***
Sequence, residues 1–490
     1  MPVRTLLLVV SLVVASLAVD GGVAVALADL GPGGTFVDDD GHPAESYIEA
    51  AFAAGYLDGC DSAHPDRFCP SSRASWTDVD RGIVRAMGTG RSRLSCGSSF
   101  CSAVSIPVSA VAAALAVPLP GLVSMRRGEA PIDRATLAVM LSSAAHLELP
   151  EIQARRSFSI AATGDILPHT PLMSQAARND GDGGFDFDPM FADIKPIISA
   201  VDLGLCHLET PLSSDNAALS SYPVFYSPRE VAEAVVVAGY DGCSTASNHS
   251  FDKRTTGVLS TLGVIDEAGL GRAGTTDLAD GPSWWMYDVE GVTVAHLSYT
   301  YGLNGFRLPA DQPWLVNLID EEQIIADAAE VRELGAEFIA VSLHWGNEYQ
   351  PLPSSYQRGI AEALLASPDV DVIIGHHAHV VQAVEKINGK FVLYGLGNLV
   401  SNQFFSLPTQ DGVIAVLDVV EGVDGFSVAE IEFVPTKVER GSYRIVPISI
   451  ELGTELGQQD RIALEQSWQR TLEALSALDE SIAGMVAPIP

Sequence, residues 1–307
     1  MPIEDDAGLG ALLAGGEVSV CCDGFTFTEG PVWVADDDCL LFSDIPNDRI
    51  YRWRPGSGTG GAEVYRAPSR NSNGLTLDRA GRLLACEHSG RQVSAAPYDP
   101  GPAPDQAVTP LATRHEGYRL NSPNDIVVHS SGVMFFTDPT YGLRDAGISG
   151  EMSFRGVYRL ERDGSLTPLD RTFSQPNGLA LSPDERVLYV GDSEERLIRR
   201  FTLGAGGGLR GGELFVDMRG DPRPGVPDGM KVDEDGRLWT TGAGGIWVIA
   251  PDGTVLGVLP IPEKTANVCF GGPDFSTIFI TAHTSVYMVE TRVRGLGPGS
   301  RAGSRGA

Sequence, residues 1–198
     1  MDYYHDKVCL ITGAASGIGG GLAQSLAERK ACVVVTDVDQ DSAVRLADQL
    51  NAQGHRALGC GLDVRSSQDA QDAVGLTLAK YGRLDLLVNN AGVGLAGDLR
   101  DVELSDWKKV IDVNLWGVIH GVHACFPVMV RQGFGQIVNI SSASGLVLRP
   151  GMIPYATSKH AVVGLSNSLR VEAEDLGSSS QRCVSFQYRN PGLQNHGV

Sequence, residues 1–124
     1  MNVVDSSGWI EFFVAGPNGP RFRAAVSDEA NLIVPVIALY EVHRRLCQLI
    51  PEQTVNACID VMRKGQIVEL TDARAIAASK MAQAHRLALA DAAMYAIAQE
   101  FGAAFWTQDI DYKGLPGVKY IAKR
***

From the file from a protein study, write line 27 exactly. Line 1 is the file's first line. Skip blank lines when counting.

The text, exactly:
    51  PEQTVNACID VMRKGQIVEL TDARAIAASK MAQAHRLALA DAAMYAIAQE